Jerry hated hospitals, so it wasn’t easy for me to see him in a hospital bed. His feet peeked sadly over the outer rim of the bed, horrible bright yellow one-size-fits-all hospital socks covering his swollen, mottled feet.
“This one can be aggressive. He can grab at you. Be careful with him.”
It surprised me when I realized they were talking about Jerry. This was the same person who could not watch Holocaust movies because they were “too sad.” He insisted on spotting me when I used to climb onto counters to get a glass or a plate. His dementia had made him say strange things, but also at times be surprisingly lucid.
The hospital was called St. Joseph’s, a Catholic hospital in Sandy Springs, Georgia with more than ten floors. As I understood it, the higher one went, the more serious the cases. Jerry was on the ninth floor. Each room had a sink and mirror, a small bathroom and a white board with the patient’s name, emergency contact, and prescriptions written on it. The floor had two wings, with patient rooms fanning out from the nurse’s station at the center of each wing.
Jerry always had great hearing and so when the nurses and doctors spoke to him in an artificially raised voice, he responded by speaking quietly but firmly.
An Indian female doctor asked the typical questions to access his mental state.
“Where are you?” “When is your birthday?” etc. etc.
“But I want to know about you,” he said. “Where are you from?”
She explained that she was from somewhere near Calcutta.
“And what about you, Mr. Hoff, where are you from?”
“I’m from Delhi,” he said, his white face and American accent belying the statement.
“Oh yeah, do you get home often?”
“No, not enough,” Jerry said with a straight face.
Being poked, prodded and even washed by total strangers wasn’t easy for him, and yet he also seemed to handle this with humor, although his desire to escape never left.
They would not discharge him without some degree of mobility. We waited anxiously each day for the physical therapist. He did better with male nurses, male doctors, and male physical therapists. The whining, high-pitched voice of the female physical therapist was a complete “fail.” Jerry would not cooperate with her at all.
He rang the emergency bell incessantly and when the nurse’s aide came in, he had no emergency.
“Yes, Mr. Hoff.”
“Oh, I just wanted to see if you were still there,” he said cheerfully.
“I’m still here, Mr. Hoff. Do you need anything?”
“No, I’m fine. It’s good to see you again.”
It must have been maddening for her, even if slightly amusing.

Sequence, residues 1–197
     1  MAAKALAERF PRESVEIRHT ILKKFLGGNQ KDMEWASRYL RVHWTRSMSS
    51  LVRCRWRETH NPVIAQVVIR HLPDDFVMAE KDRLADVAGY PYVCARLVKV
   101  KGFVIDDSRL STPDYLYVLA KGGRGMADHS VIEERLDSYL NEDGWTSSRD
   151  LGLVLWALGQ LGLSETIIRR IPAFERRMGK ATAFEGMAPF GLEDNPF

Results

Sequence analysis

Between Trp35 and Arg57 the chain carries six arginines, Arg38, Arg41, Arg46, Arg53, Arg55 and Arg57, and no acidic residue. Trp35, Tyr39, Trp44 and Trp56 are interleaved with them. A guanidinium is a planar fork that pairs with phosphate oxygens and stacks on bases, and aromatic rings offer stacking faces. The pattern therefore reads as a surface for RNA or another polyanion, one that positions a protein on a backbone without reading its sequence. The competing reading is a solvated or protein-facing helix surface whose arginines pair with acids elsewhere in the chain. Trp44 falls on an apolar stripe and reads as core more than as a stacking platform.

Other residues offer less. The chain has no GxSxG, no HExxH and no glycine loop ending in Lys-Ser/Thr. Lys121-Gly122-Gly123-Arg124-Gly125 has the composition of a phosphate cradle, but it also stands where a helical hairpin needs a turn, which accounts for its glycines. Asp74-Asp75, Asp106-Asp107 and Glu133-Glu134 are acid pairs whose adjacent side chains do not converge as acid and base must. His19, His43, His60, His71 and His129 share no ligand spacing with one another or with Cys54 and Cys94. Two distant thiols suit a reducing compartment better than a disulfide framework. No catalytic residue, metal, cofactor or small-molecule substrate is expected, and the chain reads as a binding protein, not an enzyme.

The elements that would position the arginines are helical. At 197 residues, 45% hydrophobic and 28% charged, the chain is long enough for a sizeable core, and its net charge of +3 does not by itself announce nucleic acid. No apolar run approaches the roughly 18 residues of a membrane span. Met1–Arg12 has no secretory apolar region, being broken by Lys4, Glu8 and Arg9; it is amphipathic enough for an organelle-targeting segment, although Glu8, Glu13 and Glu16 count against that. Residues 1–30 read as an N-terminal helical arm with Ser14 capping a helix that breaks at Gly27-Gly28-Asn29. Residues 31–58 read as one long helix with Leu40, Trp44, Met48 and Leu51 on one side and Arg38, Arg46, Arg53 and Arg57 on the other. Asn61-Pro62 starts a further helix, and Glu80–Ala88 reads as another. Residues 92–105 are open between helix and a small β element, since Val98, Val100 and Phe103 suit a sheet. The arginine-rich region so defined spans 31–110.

Sometimes you heard the most terrible sounds as soon as you stepped off the elevator, low agonizing moaning sounds or deep barking yells. Other times the floor was as still as could be, with only the tapping of the computer keyboard or some innocuous low chatter at the nurse’s station at the center of the floor. You got used to the rhythms of the place: the energetic hustle of early morning when the doctors made their calls, the short sporadic bustles at meal times, followed by the more languid pick up of trays.
Nights were the worst. When my daughter and I first arrived, I promised to stay the night at the hospital, but my daughter objected, not wanting to sleep alone on her first night at my parents’ Atlanta home. I split the difference, waking up at five in the morning to go stay in Jerry’s room. The silence of the ninth floor when the elevator opened felt almost like a hand grabbing your throat. It was a violent, unpleasant stillness. When I opened the door to Jerry’s room, he cocked one eye open.
“Nice of you to join me,” he said.
I had to smile. He was letting me know he had not been fooled by mid-shift arrival. He had slept through none of it. Not long after that, he closed his eyes and nodded off, sleeping until ten or so in the morning.
It was a typical Jerry. He had a way of needling you if you failed to follow through on a promise, but he made his disappointment known through irony, and then once voiced, he would quickly forget the whole thing and move on.
The nurses threw around the names of various physical therapists, but the one that raised our hopes was Jason. Jason: It was a male name. Jerry might cooperate with Jason, and if Jerry complied, he might be deemed mobile enough to be discharged, and then he would stop ringing the emergency alarm, and he would not be grabbing at the nurses or otherwise be unruly, and we would be released back in time for Thanksgiving, with a big feast to celebrate his homecoming.
Jason might have been from Trinidad or some other Caribbean place. He had a steady, cheerful voice, and he seemed to like Jerry, asking at one point, “Does he always have a good sense of humor?”
“Yeah, pretty much,” we all nodded.
Jason wrapped a thick white harness belt around Jerry’s middle and tightened it up. He asked Jerry to lift himself up out of the wheelchair.
“He’s strong,” Jason said, impressed.
The harness belt reminded me of a horse bridle, and the way Jerry was joking I could tell he too was becoming more hopeful that his papers were coming.
Jason asked Jerry to stand and climb a few stairs. Jerry rose, his hospital gown flapping, his strong legs girding to pull him up those stairs. Jason steadied him as 89-year-old Jerry motored up those stairs.
“Ok, Mr. Hoff, that looks good.”
Jerry’s legs continued moving.
“Okay, Mr. Hoff, you’re good.”
Where did he think he was going? He was fastened to Jason, but Jerry kept on motoring as if trying to escape the hospital through his flight upward.
He would be discharged the day after Thanksgiving, and, surprisingly, the nurses and nurse’s aides who warned each other that he was aggressive would see him off with big hugs and loud farewells. Over the week he had become the darling of the ninth floor. From their worst patient to their biggest jokester, he was graduating and going home, and they all said they would miss him, which surprised me most of all.